As discussed in Idea and action driven systems, it is frequently necessary or desirable for the origin of ideas or actions to be unknown. It is essential that ideas and actions branded as unknown origin remain that way and no one is ever allowed to assume credit for them either personally or under a group umbrella. It takes only the slightest glance through all past attempts at societal change to see where every group that subsumed individual credit to ‘the cause’ has ended up, from the Communist Party of China to every Brother Leader and Guide of the Revolution that became the new tyrant.
To reiterate once more what was said in Idea and action driven systems, credit theft has absolutely nothing to do with free information. Credit for one’s work or ideas is the right of every person, the human dignity of societal recognition and belonging and an inherent part of their identity. There is no need to ever hide the origin of information unless the ultimate goal is to isolate them and suppress or twist their messages or use their work to glorify another.
To allow local governance and solutions, local voices must be the ones which formulate problems and create dialogue. When there is a need of emergency response of the world to local problems, we must have a way to immediately amplify local voices to a global volume. For this we do not need new media or any media at all. People who are currently faceless and voiceless do not need another to be their face and voice. We need a system where urgent local news can be collected and amplified globally when necessary, and where the people of the world decide which news is important, not official news channels or celebrity nodes.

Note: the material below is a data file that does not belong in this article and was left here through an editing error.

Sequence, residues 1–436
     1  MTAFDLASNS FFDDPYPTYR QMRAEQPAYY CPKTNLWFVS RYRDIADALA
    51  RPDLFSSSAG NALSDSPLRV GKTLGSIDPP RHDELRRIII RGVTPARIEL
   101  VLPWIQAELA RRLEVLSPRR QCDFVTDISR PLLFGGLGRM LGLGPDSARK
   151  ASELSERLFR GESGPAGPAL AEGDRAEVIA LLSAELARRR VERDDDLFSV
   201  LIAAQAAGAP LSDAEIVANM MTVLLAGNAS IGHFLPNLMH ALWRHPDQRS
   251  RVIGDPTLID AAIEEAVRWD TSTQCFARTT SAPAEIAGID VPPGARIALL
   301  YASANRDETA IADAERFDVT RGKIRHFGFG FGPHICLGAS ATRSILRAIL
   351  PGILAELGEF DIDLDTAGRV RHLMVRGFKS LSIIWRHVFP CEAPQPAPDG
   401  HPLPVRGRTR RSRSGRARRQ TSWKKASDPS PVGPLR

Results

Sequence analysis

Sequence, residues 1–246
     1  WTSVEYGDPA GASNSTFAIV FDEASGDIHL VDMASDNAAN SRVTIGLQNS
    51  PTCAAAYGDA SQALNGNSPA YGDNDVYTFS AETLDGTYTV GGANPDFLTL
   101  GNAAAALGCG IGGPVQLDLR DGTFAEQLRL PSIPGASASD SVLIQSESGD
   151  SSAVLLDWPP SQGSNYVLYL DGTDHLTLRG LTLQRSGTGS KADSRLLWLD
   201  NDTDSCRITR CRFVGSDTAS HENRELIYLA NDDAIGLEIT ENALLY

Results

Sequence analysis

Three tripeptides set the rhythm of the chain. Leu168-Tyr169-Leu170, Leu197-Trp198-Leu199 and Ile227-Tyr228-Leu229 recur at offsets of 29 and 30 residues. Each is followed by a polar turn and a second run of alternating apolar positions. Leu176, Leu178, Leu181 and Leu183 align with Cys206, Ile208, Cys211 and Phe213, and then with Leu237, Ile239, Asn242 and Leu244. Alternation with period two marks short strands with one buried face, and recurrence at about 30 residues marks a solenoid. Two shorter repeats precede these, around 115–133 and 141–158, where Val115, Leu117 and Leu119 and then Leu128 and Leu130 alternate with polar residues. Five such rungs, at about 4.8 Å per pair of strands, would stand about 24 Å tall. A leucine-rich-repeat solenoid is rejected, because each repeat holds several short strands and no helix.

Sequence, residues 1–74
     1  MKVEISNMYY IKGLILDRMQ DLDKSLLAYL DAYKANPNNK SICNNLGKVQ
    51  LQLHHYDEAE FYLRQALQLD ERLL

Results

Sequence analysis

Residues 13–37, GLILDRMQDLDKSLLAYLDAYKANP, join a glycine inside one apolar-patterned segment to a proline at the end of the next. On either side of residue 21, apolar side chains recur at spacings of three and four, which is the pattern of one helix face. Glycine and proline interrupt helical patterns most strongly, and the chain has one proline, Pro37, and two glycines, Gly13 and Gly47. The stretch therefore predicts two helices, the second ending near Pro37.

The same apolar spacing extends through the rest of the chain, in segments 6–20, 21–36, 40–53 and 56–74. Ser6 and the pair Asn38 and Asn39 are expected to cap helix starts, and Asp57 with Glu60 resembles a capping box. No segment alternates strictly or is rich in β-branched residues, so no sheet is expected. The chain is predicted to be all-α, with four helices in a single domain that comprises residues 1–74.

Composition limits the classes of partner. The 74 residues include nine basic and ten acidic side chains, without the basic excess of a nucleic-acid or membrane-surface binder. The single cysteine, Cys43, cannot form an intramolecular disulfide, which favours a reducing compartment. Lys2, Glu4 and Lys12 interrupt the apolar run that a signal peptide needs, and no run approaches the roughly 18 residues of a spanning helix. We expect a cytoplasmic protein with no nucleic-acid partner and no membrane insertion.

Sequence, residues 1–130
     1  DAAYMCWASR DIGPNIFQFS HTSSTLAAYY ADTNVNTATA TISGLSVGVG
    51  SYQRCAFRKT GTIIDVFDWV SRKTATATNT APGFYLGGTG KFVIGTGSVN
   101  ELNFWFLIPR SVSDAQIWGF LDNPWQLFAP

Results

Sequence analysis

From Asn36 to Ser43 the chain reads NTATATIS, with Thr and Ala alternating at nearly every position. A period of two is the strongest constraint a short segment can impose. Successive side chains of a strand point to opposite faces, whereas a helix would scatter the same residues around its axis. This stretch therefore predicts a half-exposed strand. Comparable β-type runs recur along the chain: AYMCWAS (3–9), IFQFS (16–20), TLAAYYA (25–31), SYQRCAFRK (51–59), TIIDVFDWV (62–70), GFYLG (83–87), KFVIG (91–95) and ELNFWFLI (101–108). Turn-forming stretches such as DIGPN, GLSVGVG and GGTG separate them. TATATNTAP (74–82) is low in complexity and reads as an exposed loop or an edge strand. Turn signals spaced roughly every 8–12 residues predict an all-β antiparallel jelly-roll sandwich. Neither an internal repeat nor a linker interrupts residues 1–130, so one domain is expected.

A person who takes your idea and information to use and build upon is your collaborator, tester and colleague. A person who takes your credit or your voice is your enemy, a thief who steals your societal recognition and approval for themselves and would be your tyrant.